When the Complainant learned that Shelah Poyer, with the help of the Justice Centre, was mounting a vigorous defence to the complaint, the Complainant demanded that Cameron be removed as Poyer’s lawyer. This demand was refused. Shortly thereafter the Complainant submitted a “Withdrawal of Complaint” form to the Tribunal.

On September 10, 2018, the BC Human Rights Tribunal notified Ms. Poyer that the complaint had been formally withdrawn. The complaint against Poyer’s former employer, Mint Tanning Lounge, has been settled.

Cornerstone Christian Academy v. Battle River School Division

Founded in 1986, Cornerstone Christian Academy (CCA) is a school in Kingman, Alberta, one-hour south-east of Edmonton.  It provides K-12 education for approximately 180 students.

Parents in Camrose, Tofield and other towns have chosen to send their children to CCA because they agree with the school’s commitment to integrate knowledge of the Bible and its relevance into the approved Alberta curriculum.

In 2009, CCA entered into an agreement with the public school board, the Battle River School Division (BRSD), pursuant to provincial legislation which encourages school boards to incorporate “alternative programs”.  Alberta law provides parents with choices to have their children attend various alternative programs, which focus on sports, art, music, foreign languages, different religions, etc.

In 2017, BRSD issued a demand that CCA should not read or study “any scripture that could be considered offensive to particular individuals,” and suggested that CCA was not in compliance with the School Act and human rights legislation.

The BRSD dismissed an eight-page legal letter sent by the Justice Centre on June 8, on behalf of CCA, stating: “As for the board’s [BRSD’s] position it remains the same.” Consequently, CCA went public, and following a public meeting, BRSD agreed to meet with CCA.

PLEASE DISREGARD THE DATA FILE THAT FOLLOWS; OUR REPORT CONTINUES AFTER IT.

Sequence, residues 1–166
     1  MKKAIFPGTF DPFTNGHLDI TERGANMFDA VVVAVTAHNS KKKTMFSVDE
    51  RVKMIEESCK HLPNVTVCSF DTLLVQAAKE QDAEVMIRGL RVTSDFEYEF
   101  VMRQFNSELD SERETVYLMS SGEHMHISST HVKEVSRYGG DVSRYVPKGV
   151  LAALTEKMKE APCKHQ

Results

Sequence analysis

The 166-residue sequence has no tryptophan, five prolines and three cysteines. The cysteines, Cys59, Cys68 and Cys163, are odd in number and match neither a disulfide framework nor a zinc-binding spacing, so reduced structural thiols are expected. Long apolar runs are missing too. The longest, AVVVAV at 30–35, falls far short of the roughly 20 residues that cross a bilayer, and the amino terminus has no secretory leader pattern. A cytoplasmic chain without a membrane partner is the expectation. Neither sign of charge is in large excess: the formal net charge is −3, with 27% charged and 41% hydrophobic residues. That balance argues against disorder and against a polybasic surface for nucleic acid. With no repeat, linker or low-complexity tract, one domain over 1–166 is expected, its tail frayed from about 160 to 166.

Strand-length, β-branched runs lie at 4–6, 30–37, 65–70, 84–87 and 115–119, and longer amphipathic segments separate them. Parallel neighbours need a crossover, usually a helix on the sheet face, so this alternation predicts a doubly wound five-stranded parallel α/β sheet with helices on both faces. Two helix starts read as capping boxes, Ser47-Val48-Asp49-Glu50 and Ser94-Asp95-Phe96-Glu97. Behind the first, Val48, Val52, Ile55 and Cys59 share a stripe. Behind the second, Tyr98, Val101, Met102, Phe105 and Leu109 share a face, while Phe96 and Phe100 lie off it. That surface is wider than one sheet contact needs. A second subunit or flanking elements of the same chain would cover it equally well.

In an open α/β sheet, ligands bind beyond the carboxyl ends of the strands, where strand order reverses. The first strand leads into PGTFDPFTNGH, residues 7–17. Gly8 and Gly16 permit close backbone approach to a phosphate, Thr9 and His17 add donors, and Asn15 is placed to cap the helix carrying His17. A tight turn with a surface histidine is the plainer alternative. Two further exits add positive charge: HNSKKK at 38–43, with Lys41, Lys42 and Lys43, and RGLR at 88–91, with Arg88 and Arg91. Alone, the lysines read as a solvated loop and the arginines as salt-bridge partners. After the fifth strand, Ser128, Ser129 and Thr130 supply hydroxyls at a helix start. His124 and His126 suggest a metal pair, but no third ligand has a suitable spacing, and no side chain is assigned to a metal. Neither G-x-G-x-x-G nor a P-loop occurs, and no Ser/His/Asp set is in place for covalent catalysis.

Following two face-to-face meetings between BRSD and CCA representatives, BRSD agreed to issue a joint statement with CCA indicating that “[n]either the Board nor BRSD employees will censor the reading or teaching of the Bible at Cornerstone School.”  The statement also noted that “[a] productive dialogue occurred and both parties are eager to continue to work together.” The statement was made available to parents and staff at CCA.

On Friday, June 23, BRSD presented CCA with a proposed “Addendum” to the BRSD-CCA Agreement, to prohibit public disclosure of information in the future.

CCA responded on June 27, stating, in part, that “the Proposed Addendum seems to be a gag order, which we believe is inappropriate in the context of interactions between a representative parent Society and a public school Board.  The Society represents a community of people who have a vested interest in issues affecting CCA, and consequently we can not agree to the requirements and broad restrictions in the Proposed Addendum.”

On June 29, 2017, BRSD notified CCA that it was terminating the Agreement between BRSD and the Cornerstone Christian Society of Camrose.  This means that, unless the decision is reversed, BRSD will no longer operate Cornerstone Christian Academy as of June 30, 2018.

The written legal agreement between CCA and BRSD serves to fulfil the Alberta legislature’s stated objective to support diversity and parent choice through alternative programs.  Under Alberta law, these alternative programs include schools dedicated to various religious teachings (including Christianity, Judaism, Sikhism and Islam), sports, differing educational philosophies, etc.

In its agreement with CCA agreement, BRSD promises: “The Board will not attempt to change the essential nature of the CCA program, as set out in the agreed upon School Vision and Purpose as outlined in Schedule A.”   The School Vision and Purpose document clearly commits Cornerstone to be a Christian School, based on teaching from the Bible.